Merge into the diversity. Breathe in the diversity. Fully accept another's opinion. Support another's perspective. Thrive in life's natural diversity and bear witness to the unification which is its result.

    Thank you Swamiji for such an amazing teaching!

    Monday, July 23, 2012

    10 Yoga Tips to Stay Cool this Summer

    As Mother Earth continues Her summer for just a couple more months, here are a few Ayurveduc suggestions on how to remain cool during the warmest time of year. Remember, if everything is reflective, than the rising external heat is reflective of the rising internal heat. Follow these 10 simple yoga tips on how to stay cool this summer and keep the inner fire at bay.

    10 Yoga Tips to Stay Cool

    1. Encourage yourself to surrender more deeply in your asana practice; allow more time for each asana, creating a deeper, calmer inner atmosphere. This approach to asana helps cool the inner fire.

    2. Perform all asana in a way that is non-competitive, nurturing and enjoyable. Try to practice either early morning or early evening when the temperature begins to cool. Even though you will probably practice in a climate controlled environment, for increased energetic benefits it is highly suggested to practice outside, in the cooler hours of day.

    3. Emphasize a cooling breath by making your exhalation longer than inhalation. After you exhale all the air out, retain the breath as a powerful effect to focus the mind and stabilize the agni, or fire. The retention should be just a few seconds or less.

    4. Increase your meditation practice as it is known to have a cooling, calming effect on the mind.

    5. Eat cooling, sweet, bitter and astringent foods (coconut, cucumber, watermelon, all the fresh fruit in season, steamed greens, multicolored salads, watercress, endives, mung beans, basmati rice, etc) and avoid spicy and fried foods.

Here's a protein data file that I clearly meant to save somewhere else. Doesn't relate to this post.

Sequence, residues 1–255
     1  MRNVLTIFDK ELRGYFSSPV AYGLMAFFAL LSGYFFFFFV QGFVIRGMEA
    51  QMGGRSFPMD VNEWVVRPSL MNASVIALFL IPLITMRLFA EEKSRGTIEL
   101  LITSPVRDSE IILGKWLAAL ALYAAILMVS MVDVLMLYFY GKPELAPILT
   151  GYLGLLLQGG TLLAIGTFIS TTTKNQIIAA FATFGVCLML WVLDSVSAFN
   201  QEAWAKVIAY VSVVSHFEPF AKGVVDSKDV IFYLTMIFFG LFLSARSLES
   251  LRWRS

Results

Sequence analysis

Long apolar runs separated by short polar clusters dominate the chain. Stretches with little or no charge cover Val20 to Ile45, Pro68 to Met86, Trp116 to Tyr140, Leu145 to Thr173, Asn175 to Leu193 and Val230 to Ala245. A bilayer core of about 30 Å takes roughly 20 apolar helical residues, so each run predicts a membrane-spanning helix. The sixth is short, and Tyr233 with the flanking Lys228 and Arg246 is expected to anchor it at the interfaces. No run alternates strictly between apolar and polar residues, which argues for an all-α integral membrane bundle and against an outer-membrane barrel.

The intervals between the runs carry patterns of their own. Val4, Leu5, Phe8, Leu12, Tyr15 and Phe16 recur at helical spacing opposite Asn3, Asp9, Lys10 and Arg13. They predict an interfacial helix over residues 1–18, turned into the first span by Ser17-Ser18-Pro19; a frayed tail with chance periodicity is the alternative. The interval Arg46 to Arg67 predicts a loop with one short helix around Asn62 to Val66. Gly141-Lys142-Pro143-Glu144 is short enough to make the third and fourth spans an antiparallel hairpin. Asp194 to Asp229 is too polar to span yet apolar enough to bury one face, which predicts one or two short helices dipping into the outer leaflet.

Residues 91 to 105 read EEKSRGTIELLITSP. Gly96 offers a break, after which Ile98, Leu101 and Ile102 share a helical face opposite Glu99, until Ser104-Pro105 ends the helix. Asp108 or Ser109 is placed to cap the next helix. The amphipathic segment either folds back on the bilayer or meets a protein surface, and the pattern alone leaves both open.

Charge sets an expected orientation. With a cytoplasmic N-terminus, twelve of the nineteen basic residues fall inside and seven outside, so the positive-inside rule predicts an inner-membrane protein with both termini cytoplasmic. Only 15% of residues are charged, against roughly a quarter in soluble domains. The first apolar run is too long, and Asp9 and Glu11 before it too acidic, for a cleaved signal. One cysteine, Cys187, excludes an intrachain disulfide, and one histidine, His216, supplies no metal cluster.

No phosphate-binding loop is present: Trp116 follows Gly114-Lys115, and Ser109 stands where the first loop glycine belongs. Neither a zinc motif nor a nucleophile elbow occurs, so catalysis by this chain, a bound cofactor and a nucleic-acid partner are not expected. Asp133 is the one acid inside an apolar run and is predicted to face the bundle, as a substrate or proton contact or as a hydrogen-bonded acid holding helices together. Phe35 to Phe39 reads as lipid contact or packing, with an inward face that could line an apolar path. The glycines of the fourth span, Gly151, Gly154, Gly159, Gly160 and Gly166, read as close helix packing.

6. Add cilantro, cucumber, or mint to your water for a refreshing beverage that will cool you down.

    7. Enjoy rose, sandalwood, jasmine or lavender essential oils to relax (and cool) the senses. Wonderful cooling summer tip... Add a few drops of rose essential oil to a clean spray bottle filled with purified water. Store in the fridge to keep cool. Spritz a few times directly on the face, neck, arms and body for an instant sense of feeling refreshed and cool.

    8. Using coconut oil, give yourself a full body massage. Wait 20-30 minutes in meditation, then rinse off in a cool to warm shower. Avoid hot water as this increases heat.

    9. Wear light colored clothing, loose cotton, linen, natural fibers etc (ex. white, blue, green) so air can circulate between your clothes and your skin. Natural fibers are also beneficial in allowing the prana, or energy, to circulate and flow too.

    10. Spend time in nature; swim, hike, camp, retreat and enjoy the moonlight.

    Stay cool and enjoy all that this beautiful season has to offer you!

    Thursday, July 12, 2012

    5 Tips to a Slower Paced Life

    Modern society is running at a pace few are able to sustain. It's as if our own bodies are now vibrating at speeds similar to jet planes, bullet trains and even our own 80mph automobiles. Life is speeding by like the passing trees and buildings on our daily commutes.

    Do you take time to notice the details instead of only seeing a blur? Are you feeling fulfilled in your life?

    These are certainly two very tough questions that can initiate an honest view of your pace today.

    But how can one begin to step out of this rat-race and begin to mosey, or slow down?

    Here are 5 Tips to a Slower Paced Life

    1. Choose to walk, bicycle or take the bus instead of driving. One way to greet the world around you is to slow down. If you are going down the street (within a mile or so), choose to take slower forms of transportation. Have you ever noticed how many "hello's" greet you on the sidewalk, than on the freeway? This will give you more time to appreciate all that surrounds you. If you are traveling further than a few miles hop on the local bus where you can simply sit down and enjoy the ride and scenery.

    2. Go for a stroll in nature. Walking in a forest is a sure-fire way to remind you just how small you are and yet, how you are a part of the whole. Also, if you consciously observe the pace of nature you can be sweetly reminded of how to sway with the breezes of life, work as a whole organism and revert to the simplicity of life.

    3. Simply Sit. All too often we think that our lives are so busy that we cannot take the time to sit down and be still. This is an all-too-often play of the ego. You do have time. You are able to sit and be still. So... simply do it. Sit down, breathe and embrace the Life that is within, and around, you.